SUMMARY: A small number of SMSFs holding cash were relative winners from yesterday’s rate cut. Have you heard of offset accounts?
More than one million SMSF members will have winced a little when news of yesterday’s rate cut came through.
SMSFs are huge holders of pure cash. Something north of $150 billion of the stuff is held by SMSFs. Based on interest rates being cut by 0.25%, our collective income just fell by a before-tax amount of more than $375 million a year.
But it wasn’t bad news for all SMSF members yesterday. There were some direct winners from the rate cut.
“Anyone with a SMSF property loan, of course!” I hear you cry.
Well, yes. If you have a SMSF variable rate home loan, then your interest bill will have reduced yesterday, sure.
You’re close, but you still haven’t quite nailed it.
There is a smaller subset of those SMSFs with limited recourse borrowing arrangement (LRBA) loans, who have even more reason to smile.
The real winners of falling rates are: SMSFs, with a variable rate LRBA, and an offset account.
And there aren’t many of them. If I had to guess (and it is a rough estimate), I would estimate that it would be fewer than 10,000-20,000 members.
The reason is that a very small number of super funds with LRBAs have one of only a very small number of products (I only know of two High St lender products) that offer a full offset account on their loans.
Offset accounts are the most powerful savings accounts on the planet. Usually by a factor of 100% (see below table for proof) over regular interest-bearing accounts.
And, interestingly, the more interest rates fall, the better the relative return offered by offset accounts.
Why? Simply because they switch the equation from “earning” money at a low rate that is taxed, to “saving” money at a higher rate that is untaxed.
For those of you unfamiliar with offset accounts, here’s how they work.
Let’s say you have a property loan of $500,000 at 6%. On top of that, you have $100,000 in savings.
If you have the savings in a separate account earning interest, you might earn 3%. If you earn 3% in a super fund, you will pay $450 in income tax (15%), allowing you to keep $2550 in the hand.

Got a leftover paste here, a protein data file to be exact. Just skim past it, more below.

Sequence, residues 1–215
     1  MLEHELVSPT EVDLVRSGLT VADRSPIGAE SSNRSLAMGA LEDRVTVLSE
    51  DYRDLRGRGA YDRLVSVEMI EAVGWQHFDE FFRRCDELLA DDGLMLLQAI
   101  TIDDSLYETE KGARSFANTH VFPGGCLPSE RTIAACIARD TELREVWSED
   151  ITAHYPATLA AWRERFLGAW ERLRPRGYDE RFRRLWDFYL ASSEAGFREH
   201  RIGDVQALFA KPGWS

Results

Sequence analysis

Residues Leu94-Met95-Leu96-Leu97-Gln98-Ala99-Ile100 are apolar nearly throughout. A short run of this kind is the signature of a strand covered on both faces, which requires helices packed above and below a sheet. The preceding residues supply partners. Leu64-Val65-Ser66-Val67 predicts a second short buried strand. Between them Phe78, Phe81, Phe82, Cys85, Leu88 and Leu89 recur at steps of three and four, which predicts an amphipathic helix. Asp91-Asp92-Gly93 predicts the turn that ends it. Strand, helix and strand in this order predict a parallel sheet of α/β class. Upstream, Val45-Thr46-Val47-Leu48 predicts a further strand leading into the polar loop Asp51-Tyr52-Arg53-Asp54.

However, if you have that $100,000 in an offset account, you will save yourself $6000 a year in interest. And when you “save” money, rather than “earn” it, you don’t have to pay tax. You get to keep the whole $6000.
Save and keep $6000, or earn and keep $2550?
It’s a no-brainer. And, as you’ll see from the table below, the better earnings from offset accounts, even in super where tax rates are lower, get increasingly better the more interest rates fall.
(Note, offset accounts in personal names, where marginal tax rates are up to 49%, are even better, in an exponential fashion.)
In the below table, I use interest rates that are a little closer to what SMSFs might be charged in interest on LRBAs and what they could, potentially, earn from cash and TDs.
Table 1: Returns on $100,000 – savings account versus offset account
|Cash savings rate (%)||Cash return on $100k ($)||Cash after super tax of 15% ($)||Cash return in pension 0% tax ($)||LRBA interest rate||Cash offset return on $100k at 5.25% ($)||Offset return on $100k after tax ($)||% relative better return than super||% relative better return than pension|
In the above, the red section is the cash returns for interest rates earned on $100,000 in both super and pension.
The blue section is the effective return of your $100,000 cash sitting in an offset account. The green section is the comparison between the net super returns versus offset, and net pension returns versus offset. (Negatively geared property in pension has less value, but we’ll assume, for the purposes of this example, a property that is roughly neutrally geared.)
I have tried to use interest rate figures that could be achieved prior to yesterday’s interest rate cuts. That is, if you worked for it, you could get somewhere near 2.9% on your savings. And if you had an LRBA with a major lender, 5.65% as a variable rate, is about where interest rates are at.
What can you see from the above?
If you’re a SMSF who wants/needs to hold cash, then the relative benefit you are getting, as interest rates are falling, from having an offset account attached to your LRBA loan is actually increasing.